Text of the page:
70. Penile Prostheses in Transgender Males
An ideal phalloplasty would be completed in one surgical stage with good aesthetic appearance, erogenous and tactile sensitivity, patency of the neourethra, sufficient rigidity to allow sexual intercourse and a volume sufficient to place a protected prosthesis . Pedicled flaps transfer tissue from the thigh, groin or lower abdomen to reconstruct the neophallus, while free flaps transfer tissue from a remote location [2–5]. After phalloplasty, the neophallus is empty and flaccid. Erectile implants are needed to obtain rigidity and complete the reconstruction [6, 7].
The neophallus has decreased phallic sensation and a lack of corpora cavernosa, making penile prosthesis placement inherently difficult and prone to complication. Implant procedures are the last stage of reconstruction, typically performed 9 months to 1 year after phalloplasty upon return of protective sensation . At this time, vascular integration of the phallus should be optimized and urethral complications will have resolved or been corrected, thereby decreasing the risk of vascular complications during implantation, or unexpected urethral stricture that may be difficult to treat with a prosthesis in place .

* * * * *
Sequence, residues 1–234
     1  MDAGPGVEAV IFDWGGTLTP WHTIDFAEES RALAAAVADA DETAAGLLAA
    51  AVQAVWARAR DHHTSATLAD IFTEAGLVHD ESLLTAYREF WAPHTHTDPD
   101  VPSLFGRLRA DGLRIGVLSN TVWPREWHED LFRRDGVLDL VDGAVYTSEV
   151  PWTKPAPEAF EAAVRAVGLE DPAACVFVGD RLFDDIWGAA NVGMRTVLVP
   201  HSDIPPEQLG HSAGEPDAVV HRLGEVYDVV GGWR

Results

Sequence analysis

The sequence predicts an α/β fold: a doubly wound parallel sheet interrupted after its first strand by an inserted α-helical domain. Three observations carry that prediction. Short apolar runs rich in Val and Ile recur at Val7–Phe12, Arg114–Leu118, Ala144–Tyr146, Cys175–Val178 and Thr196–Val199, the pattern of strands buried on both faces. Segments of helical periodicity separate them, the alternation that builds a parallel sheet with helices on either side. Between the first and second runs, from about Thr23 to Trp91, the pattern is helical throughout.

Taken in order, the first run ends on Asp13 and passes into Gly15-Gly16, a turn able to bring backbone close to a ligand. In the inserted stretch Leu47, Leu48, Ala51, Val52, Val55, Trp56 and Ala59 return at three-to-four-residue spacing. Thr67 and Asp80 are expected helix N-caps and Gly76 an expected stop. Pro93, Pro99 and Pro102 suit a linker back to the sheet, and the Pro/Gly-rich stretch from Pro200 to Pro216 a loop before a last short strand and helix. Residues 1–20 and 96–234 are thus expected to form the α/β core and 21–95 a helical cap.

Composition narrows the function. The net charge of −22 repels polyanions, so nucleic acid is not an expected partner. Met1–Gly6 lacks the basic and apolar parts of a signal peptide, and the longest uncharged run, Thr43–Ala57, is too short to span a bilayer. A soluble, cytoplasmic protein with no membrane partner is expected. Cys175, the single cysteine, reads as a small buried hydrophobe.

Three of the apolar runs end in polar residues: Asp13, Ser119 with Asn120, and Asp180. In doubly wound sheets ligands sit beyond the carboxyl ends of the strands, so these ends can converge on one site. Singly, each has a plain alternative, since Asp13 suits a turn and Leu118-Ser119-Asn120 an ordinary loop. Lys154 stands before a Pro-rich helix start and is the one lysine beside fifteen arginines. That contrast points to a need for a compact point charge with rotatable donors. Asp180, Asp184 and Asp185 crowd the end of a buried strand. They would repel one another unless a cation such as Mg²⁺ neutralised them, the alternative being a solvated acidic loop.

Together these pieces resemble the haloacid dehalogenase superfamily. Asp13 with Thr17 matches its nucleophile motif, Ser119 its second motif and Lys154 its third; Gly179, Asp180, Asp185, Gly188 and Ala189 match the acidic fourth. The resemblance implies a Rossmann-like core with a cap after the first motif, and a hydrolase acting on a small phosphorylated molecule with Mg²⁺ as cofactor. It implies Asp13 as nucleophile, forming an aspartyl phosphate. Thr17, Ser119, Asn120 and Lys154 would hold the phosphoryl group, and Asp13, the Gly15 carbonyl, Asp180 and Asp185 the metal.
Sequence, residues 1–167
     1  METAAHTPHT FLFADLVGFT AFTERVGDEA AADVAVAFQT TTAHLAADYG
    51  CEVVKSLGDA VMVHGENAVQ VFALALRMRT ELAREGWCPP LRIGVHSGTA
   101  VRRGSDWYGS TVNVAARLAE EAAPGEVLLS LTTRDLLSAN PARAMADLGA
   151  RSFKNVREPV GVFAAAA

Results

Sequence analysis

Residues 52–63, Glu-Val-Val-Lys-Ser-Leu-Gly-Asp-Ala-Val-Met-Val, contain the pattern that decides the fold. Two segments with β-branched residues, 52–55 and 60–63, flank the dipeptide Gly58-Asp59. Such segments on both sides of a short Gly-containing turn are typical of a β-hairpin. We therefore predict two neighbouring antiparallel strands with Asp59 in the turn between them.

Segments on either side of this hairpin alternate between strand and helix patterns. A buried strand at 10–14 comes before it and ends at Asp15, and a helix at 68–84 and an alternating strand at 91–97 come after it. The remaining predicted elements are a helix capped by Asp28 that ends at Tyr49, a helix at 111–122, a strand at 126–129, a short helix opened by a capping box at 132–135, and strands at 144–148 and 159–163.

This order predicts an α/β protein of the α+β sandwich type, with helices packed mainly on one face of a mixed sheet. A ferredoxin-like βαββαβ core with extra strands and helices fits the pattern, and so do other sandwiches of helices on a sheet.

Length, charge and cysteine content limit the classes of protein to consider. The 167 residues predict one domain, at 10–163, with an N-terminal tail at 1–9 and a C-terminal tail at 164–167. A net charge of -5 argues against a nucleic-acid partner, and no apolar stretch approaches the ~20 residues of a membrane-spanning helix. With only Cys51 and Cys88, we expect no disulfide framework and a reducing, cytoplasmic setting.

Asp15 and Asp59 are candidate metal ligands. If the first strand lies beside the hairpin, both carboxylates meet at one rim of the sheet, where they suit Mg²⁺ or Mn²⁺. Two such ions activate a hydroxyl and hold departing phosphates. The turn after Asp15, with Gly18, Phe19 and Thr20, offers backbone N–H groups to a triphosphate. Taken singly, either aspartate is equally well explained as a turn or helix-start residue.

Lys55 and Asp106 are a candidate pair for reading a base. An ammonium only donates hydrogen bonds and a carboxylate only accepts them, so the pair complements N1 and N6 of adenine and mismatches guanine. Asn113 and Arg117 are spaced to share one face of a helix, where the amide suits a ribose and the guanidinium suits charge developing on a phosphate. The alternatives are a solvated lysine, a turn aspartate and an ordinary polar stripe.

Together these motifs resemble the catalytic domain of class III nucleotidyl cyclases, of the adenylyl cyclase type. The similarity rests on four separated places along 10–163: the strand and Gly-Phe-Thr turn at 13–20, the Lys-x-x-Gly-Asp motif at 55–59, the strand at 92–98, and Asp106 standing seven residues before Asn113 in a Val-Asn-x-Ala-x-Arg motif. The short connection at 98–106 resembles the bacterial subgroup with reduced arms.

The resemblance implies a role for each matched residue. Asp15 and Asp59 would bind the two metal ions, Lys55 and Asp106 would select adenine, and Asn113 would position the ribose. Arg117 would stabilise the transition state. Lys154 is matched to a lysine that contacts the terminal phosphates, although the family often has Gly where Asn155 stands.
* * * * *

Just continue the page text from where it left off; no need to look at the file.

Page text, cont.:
When the phallus is constructed by use of a fibula flap or a radial forearm flap , rigidity can be achieved via transplantation of part of the fibula or radius, respectfully. However, donor site complications are substantially increased [10, 11] and these procedures are becoming increasingly uncommon. Furthermore, a permanently rigid phallus can be difficult to conceal and lead to embarrassment, or bone may resorb over time to varying degrees. The latissimus dorsi myocutaneous free flap may permit muscular contraction which might create penile rigidity, but also shortens the penis . With the majority of the phalloplasty techniques, an inflatable penile prosthesis is used if erectile function is desired.